Native American Marriage Customs
From the Memoirs of John R. Young by A. K. Hafenís Book "Folklore and Pioneer Memoirs."
A squaw fight came about this way. If a brave saw a maiden that he desired he would go to her father, who, according to their laws, had a right to sell her and bargain for her, usually obtaining from one to five ponies for her. If it happened that the girl had a lover, and he would put up as much purchase money as had the first applicant, then the lovers would settle it by a fist fight.
Sometimes conditions would be such that every warrior in the tribe would be allowed to aid his tribesman to win his wife. It would then be a national war, and would be conducted on long-established rules and ceremonies which the Indians held in deep reverence..
In 1861 at Santa Clara, I witnessed one of these tribal fights. A young, slender girl of Tutse Gabetís band was purchased by a brave from Coal Creek (Cedar) John*s band. But a brave of the Santa Clara tribe was the girl*s accepted lover. The aspirants were men of influence in their respective bands, though they were unequal in physical ability. The man from Coal Creek, Anawakeets, was a large, muscular, well matured man of commanding personality, while Panimeto, the Clara man, was only a stripling, a youth of fine features and an eagle eye, about fifty pounds lighter in weight than Anawakeets.
By the rules of the contest, this physical difference made it impossible for the lovers to settle it by a single combat. Hence, it was arranged by tribal agreement, that twenty warriors on each side should participate in the struggle. The ground selected was a flat just west of the old Clara fort. A square was marked off, the creek being chosen for the south line. A line drawn in the sand marked the east, west and north boundaries.
East of the east line was Anawakeets goal, which if he could reach with the girl, she was his; contra, west of the west line was Panimetoís goal, claiming the same concessions. On opposite sides of a line running north and south through the center of this square, were the braves, lined up, stripped to the skin, save for the indispensable gee string.
At the tap of the Indian drum, the two files rushed like angry bullocks upon each other. A second tap of the drum, and the warriors clinched. To vanquish an opponent one had to throw him and hold him flat on his back for the supposed time it would take to scalp an actual enemy. At the end of an hour*s exciting struggle, a few warriors on each side had been vanquished, but the forces remaining were equal in number, so neither party had gained any advantage.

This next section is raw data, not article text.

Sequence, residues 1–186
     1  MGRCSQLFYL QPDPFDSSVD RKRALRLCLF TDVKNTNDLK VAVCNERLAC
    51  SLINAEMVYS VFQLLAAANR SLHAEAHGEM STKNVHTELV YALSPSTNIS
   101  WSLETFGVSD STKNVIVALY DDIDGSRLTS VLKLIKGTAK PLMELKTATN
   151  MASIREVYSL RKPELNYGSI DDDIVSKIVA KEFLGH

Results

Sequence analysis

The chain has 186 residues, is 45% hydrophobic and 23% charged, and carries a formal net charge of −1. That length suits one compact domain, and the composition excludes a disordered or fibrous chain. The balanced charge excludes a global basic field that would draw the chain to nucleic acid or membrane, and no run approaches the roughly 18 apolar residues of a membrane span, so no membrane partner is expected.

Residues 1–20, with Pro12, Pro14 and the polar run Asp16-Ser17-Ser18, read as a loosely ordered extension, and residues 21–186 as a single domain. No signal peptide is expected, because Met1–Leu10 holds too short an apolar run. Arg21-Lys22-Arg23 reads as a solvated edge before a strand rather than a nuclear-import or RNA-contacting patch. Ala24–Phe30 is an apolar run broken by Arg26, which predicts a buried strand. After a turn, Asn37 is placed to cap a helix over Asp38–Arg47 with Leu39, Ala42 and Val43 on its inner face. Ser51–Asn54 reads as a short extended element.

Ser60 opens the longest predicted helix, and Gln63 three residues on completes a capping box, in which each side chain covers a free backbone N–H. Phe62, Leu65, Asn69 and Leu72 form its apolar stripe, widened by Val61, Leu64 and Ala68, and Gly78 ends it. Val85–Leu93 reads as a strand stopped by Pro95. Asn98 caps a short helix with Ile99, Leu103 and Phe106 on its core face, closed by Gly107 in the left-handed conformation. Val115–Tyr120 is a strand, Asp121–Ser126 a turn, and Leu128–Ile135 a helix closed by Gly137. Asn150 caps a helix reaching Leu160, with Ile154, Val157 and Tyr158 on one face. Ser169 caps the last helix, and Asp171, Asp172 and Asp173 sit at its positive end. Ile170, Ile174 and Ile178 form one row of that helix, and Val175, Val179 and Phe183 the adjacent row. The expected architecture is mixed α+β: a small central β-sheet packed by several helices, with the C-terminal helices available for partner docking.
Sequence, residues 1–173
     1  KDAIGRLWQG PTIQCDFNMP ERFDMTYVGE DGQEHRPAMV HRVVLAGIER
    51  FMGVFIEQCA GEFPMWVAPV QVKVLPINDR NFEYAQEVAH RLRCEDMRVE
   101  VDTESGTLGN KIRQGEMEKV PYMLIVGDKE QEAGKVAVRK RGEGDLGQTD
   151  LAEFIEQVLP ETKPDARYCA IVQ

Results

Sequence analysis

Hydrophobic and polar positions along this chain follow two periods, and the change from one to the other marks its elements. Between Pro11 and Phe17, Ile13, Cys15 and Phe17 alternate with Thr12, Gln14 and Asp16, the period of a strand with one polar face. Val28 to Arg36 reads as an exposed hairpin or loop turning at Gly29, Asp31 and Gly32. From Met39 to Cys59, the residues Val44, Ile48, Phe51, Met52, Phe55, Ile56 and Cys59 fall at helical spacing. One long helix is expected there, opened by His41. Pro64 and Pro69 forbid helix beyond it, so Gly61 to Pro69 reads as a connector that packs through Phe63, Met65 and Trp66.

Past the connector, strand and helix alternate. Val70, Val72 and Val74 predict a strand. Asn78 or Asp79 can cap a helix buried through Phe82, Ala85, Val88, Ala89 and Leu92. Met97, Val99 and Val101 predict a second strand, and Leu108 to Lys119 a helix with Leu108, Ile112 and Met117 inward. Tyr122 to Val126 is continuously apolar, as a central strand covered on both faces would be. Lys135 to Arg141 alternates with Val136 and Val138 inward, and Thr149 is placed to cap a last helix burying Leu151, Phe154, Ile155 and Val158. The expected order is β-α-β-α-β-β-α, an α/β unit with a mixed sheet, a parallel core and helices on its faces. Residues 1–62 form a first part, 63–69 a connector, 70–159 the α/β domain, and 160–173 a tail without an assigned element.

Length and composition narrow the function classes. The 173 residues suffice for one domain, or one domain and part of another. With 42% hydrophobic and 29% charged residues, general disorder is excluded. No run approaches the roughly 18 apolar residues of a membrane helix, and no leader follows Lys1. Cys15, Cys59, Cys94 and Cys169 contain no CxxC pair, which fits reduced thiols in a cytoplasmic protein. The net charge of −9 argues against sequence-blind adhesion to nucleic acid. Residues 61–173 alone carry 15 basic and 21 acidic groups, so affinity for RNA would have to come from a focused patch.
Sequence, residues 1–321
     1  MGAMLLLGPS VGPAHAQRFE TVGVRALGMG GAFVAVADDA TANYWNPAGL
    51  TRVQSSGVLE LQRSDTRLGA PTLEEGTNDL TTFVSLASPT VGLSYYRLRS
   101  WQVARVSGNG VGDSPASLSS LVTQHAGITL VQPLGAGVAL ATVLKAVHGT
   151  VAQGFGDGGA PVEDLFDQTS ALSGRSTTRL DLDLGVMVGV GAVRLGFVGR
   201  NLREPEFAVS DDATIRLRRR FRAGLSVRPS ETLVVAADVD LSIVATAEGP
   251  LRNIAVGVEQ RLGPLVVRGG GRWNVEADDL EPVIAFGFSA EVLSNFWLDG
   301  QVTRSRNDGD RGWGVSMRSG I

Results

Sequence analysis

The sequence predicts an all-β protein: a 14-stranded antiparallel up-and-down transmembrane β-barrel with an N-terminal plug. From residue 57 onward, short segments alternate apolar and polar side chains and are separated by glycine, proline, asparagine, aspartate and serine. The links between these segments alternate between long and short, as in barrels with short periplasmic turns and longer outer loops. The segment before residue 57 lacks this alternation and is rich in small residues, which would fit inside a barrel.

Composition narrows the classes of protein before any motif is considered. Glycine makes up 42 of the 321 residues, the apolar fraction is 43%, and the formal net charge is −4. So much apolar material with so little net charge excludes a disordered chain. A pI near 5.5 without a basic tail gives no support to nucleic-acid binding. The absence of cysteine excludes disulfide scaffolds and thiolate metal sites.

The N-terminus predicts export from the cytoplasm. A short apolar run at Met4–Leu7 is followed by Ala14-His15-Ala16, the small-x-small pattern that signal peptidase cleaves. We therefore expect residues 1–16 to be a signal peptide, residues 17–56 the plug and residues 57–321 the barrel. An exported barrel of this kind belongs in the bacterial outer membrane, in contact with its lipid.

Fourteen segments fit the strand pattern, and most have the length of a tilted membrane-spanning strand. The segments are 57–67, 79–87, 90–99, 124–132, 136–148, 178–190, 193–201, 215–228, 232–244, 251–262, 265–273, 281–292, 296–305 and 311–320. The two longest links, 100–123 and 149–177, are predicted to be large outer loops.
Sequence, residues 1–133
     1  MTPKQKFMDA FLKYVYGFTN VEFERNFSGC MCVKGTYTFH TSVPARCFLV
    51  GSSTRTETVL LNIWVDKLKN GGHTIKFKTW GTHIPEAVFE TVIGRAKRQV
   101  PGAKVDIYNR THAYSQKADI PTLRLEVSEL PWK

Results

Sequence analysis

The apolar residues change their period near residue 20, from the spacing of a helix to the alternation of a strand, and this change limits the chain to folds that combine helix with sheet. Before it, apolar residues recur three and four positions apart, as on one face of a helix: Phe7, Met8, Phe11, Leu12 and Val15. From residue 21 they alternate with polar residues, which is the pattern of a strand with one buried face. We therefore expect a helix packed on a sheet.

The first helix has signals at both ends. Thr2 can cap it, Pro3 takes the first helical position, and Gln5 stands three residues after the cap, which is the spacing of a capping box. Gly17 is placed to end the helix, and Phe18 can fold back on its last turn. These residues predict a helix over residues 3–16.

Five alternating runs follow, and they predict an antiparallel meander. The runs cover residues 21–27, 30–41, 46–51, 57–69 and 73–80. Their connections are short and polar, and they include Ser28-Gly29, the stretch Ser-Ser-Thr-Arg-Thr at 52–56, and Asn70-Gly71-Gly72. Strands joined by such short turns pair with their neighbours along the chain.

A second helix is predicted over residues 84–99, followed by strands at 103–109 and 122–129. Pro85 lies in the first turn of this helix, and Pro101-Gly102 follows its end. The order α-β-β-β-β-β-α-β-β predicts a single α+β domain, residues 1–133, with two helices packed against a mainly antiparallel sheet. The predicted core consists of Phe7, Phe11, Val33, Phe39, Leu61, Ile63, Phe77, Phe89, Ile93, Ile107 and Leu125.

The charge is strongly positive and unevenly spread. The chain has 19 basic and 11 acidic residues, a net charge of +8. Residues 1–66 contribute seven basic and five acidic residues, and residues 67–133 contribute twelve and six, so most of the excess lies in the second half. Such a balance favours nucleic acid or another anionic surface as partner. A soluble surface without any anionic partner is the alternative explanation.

They now changed the procedure. The father led the maiden to the central line. She looked terrified, as well she might, for the ordeal through which she was to pass was a fearful one. The champions ran to the girl, and seizing her by the wrists, undertook to force her to their respective goals. Soon it became a "tug-of-war" with fifteen strapping warriors on each side.
Gyrating from one side of the field to the other, they came, in one of their wild swirls, to the banks and fell into the water pell-mell up to their necks, The girl, evidently in a swoon, was entirely submerged, only her mass of glossy tresses floating on the surface of the water.
Andrew Gibbons, one of the Indian missionaries, flung himself on the bank, and seizing the girl*s hair, he raised her head above the water. Instantly every brave broke his hold, and scrambled on the bank, and Anawakeets angrily demanded that Gibbons should fight him for having interfered. Gibbons accepted the challenge, and stepped into the ring. Tutse gave the signal and Anawakeets sprang to the fray, only to measure his length backward on the sand. After Gibbons had held Anawakeets until the imagined scalping was performed, he stepped back and folded his arms. His vanquished opponent arose, stepped to the maiden, spoke a few low words, and taking the unresisting hand, led her to the victor and presented her as a bridal trophy for the white manís valor and skill.
Gibbons accepted the maiden, and leading her to Panimeto, gave her to him. The presentation was followed by a war-whoop from Anawakeets and his braves. Rushing to their camps they returned with guns in hand, and forming a circle around the girl, ordered her to march. This time it was Thales Haskell, another Indian missionary, who stopped Anawakeets, and Tutse Gabet again commanded the father to lead the girl to the center of the field and told the warriors that they might go on with the fight until the sun should hide its face behind the mountain. If neither party won by that time, the girl should be released from her fatherís vows.
Again the warriors took their places, the champions grasping again the wrist of the trembling young squaw, on whose face was a look of despair. At this critical moment, the girl*s younger brother, who had stood aloof with folded arms and clouded brow during all the struggle, bounded to his sister*s side and, drawing his knife from its sheath, he buried it in her bossom. She fell lifeless into her father*s arms. The brother, holding the bloody knife on high, said, "I loved my sister too well to see her suffer more. If there is a brave who thinks I have done wrong, let him take the knife and plunge it into my heart. I am not afraid to die.
Every warrior lowered his head and turning, walked in silence to his camp.
After this tragedy, Jacob Hamblin persuaded the Indians to give up this custom.